The AIDS Quilt was displayed in its entirety in Washington D.C. in 1992.
With over 48,000 panels and 94,000 names, the AIDS quilt is a constantly growing testamena to the deadly toll the disease has taken in the world.
It is roughly 1.3 million square feet and is so large that it cannot be displayed in its entirety in one place. Parts of it are currently on display at the National Mall with volunteers constantly switching sections in and out.
However, there is one place with enough room to hold the entire quilt-the Internet. Microsoft Research, working with the University of Southern California, and the NAMES Project Foundation, have created a map of the entire quilt using Bing mapping technology.
The map is fully zoomable, allowing users to zoom out to take in the full scope of the AIDS epidemic or zoom in to look at a single one of the 94,000 names, each painstakingly created by the family or friends of a loved one who died of AIDS.
According to the AIDS Memorial Quilt Website, the quilt was conceived in 1985 by long-time San Francisco gay rights activist Cleve Jones.”
While planning a march to honor assassinated San Francisco Supervisor Harvey Milk and Mayor George Moscone, Jones learned that over 1,000 San Franciscans had died of AIDS.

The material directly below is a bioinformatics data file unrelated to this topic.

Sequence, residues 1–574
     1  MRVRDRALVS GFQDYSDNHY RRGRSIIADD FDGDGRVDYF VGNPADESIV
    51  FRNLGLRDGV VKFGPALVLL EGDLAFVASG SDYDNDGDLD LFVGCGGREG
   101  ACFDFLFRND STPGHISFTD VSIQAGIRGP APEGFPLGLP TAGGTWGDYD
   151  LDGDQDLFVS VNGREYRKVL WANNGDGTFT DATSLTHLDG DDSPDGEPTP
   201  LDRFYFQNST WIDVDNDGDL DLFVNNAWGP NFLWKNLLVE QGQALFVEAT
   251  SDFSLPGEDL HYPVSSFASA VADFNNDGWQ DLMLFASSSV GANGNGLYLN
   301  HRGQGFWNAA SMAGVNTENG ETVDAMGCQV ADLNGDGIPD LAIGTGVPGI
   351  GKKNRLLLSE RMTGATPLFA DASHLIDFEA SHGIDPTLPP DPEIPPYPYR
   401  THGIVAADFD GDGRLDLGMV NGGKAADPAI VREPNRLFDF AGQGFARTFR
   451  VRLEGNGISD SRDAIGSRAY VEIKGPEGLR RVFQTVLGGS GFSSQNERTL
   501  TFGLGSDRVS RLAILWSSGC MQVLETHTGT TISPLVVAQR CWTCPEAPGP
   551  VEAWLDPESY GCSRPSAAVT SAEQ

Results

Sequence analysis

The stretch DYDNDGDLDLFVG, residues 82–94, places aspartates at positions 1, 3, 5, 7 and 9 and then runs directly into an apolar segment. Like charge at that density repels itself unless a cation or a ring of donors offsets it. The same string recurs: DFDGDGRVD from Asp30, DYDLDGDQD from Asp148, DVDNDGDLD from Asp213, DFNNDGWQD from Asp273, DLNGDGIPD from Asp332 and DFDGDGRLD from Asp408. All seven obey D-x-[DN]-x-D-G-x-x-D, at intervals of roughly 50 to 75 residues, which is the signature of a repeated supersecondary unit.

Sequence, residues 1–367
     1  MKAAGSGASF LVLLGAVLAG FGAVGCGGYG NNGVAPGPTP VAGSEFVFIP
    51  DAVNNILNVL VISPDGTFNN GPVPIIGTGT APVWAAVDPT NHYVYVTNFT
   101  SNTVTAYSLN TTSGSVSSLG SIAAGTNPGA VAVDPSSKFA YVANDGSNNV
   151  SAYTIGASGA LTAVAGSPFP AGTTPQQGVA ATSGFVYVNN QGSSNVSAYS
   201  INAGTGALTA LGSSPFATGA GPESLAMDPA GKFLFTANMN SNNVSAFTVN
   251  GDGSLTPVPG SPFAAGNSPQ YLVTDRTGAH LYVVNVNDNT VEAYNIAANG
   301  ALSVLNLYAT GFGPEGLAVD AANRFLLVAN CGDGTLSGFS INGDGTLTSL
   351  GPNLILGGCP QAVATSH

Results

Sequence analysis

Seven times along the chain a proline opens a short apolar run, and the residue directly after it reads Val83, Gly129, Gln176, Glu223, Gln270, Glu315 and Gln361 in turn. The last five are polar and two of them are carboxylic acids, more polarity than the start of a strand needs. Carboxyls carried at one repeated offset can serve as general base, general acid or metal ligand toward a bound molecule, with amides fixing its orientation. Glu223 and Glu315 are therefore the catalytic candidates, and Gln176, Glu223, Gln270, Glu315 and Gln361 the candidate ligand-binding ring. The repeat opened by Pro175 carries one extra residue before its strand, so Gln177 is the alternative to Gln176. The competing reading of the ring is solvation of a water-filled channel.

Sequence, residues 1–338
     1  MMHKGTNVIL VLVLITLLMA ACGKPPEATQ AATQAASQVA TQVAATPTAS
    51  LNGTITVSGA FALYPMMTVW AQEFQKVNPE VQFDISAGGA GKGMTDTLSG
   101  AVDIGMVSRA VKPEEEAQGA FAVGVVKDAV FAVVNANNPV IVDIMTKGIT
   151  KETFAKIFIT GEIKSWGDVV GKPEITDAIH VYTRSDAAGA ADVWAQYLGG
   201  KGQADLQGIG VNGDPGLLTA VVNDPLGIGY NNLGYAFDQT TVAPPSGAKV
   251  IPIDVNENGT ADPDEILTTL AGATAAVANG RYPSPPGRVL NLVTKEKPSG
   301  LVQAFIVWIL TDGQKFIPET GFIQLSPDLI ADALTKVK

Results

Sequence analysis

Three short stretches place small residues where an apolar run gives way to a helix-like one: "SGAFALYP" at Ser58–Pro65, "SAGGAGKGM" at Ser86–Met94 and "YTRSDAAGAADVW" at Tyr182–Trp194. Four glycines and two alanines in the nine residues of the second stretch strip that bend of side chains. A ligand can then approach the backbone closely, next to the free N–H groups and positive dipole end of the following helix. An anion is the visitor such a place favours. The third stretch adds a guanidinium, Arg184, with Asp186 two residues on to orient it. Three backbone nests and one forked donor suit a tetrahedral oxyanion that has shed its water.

He asked marchers to write the names of loved ones who had lost their lives to the disease on placards and paste them on the wall of the San Francisco Federal Building.
The resulting wall ended up looking like a quilt, giving rise to the idea. A little over a year later, he created the first panel for the AIDS Memorial Quilt in memory of his friend Marvin Feldman.
On October 11, 1987, the quilt was displayed for the first time on the National Mall in Washington, D.C., during the National March on Washington for Lesbian and Gay Rights. It covered a space larger than a football field and included 1,920 panels.
Since 1996, its sheer size has made such displays nearly impossible, until now. The quilt has raised over $4 million to fight AIDS.
For information go to www.aidsquilt.org.